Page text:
'Sniking' is for adventure fiends who can't decide whether to spend the day hiking or snorkeling: You can do both at the same time! And you won't find a better spot to snike in style than Maui's Wailea coast, where a paved path meanders 2.5 miles past several high-end resorts and a half-dozen sweet snorkeling beaches.
At the far (north) end of Wailea, the path (now the Eddie Pu Trail) continues past the little harbor at Kihei and through that town's trio of family beach parks—Kamaoles I, II & III. Kihei doesn't have the glam of Wailea, but's beaches are at least as good.
A half-dozen Shoreline Public Access parking lots are squeezed in between the resorts (the Grand Wailea is top dog, but the Four Seasons patrons may argue that point). Ulua and Mokapu beaches are among the middle beaches. The easiest spot to park is on the south, at Polo Beach Park, which adjoins the Fairmont Kea Lani Resort. (Maui Trailblazer has details on where to park all along this coast.)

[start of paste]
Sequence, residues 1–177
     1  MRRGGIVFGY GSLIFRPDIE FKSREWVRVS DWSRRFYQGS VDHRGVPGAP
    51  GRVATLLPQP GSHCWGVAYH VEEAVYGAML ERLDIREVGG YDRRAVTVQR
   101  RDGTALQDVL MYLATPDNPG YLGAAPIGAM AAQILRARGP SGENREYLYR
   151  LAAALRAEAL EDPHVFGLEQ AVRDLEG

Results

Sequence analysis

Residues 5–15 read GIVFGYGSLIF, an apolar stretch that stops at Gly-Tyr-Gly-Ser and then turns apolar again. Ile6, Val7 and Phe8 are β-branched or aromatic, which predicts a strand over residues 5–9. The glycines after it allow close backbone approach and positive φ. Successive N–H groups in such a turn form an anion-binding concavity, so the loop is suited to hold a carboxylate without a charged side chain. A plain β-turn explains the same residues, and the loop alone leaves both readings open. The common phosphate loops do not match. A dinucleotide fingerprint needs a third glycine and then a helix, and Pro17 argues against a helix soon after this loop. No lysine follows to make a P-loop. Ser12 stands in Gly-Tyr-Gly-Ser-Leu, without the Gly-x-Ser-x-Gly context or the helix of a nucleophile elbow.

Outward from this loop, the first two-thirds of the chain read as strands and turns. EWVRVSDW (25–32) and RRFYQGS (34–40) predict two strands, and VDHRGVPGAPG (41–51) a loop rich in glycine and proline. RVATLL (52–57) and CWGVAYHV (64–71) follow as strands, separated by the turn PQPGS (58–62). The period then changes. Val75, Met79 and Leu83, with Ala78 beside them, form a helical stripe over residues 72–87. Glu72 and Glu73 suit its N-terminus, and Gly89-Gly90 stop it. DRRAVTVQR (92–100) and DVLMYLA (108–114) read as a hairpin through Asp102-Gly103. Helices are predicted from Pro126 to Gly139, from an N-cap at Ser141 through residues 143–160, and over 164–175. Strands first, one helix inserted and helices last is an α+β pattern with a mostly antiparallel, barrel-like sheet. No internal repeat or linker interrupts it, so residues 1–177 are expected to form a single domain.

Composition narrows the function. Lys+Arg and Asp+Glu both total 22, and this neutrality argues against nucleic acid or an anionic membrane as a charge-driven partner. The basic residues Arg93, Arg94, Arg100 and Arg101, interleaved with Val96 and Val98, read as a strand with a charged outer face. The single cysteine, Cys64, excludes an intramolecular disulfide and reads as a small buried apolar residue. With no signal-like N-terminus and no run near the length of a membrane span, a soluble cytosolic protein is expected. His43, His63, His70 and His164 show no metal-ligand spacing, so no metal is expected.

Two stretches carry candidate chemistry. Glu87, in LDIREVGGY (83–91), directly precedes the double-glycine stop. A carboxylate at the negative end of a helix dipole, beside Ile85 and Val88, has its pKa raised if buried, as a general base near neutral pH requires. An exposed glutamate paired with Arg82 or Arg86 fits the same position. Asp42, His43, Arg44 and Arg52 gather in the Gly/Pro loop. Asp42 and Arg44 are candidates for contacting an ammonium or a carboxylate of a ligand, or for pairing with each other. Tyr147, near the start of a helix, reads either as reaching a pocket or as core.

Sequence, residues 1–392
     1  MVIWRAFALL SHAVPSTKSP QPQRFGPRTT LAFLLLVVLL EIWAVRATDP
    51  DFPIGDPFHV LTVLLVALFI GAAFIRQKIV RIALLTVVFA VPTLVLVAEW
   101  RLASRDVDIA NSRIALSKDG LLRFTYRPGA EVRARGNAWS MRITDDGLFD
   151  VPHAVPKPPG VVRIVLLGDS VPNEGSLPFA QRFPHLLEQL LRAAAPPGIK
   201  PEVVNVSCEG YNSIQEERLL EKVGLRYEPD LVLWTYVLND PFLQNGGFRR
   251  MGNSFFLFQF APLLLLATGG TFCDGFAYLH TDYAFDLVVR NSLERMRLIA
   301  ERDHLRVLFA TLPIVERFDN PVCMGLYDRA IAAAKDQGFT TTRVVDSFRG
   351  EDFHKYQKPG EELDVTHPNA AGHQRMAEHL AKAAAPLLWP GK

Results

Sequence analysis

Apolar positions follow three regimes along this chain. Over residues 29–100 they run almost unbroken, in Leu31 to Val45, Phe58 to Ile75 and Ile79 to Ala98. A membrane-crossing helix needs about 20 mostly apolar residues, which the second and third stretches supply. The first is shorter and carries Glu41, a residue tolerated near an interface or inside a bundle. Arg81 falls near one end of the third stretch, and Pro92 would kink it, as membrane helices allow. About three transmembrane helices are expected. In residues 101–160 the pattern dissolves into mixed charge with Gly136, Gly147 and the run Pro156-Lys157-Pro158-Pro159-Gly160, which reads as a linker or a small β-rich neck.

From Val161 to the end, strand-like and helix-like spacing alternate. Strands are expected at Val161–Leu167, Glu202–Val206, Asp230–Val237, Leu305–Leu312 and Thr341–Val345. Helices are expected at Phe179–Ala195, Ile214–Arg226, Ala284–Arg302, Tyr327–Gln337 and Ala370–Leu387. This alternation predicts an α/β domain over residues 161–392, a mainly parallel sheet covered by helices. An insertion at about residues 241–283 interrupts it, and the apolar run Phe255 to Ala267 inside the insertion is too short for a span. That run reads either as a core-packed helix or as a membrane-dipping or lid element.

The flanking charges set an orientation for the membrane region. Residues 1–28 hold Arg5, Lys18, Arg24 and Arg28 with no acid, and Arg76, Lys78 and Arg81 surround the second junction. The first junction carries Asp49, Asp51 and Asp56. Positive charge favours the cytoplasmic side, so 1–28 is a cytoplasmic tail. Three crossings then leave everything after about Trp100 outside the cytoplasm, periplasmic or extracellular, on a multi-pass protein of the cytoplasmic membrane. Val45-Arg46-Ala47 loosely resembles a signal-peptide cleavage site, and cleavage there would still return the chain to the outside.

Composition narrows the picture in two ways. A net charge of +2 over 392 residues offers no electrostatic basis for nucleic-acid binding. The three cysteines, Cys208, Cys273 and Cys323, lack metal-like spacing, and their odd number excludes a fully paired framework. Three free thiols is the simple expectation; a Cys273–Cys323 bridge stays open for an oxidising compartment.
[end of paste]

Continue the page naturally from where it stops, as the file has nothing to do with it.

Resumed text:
Gear for luxury sniking needn't be excessive. Flip flops are the shoe of choice, an alternative to barefooting the sand. A mask and snorkel are a must, and swim fins much preferred. The Wailea beaches are crescents separated by low-lying points, where most of the fishies hang out. And, a credit card is essential gear for adventuring inland for libation—one of the benefits for sniking on the unwild side of Maui.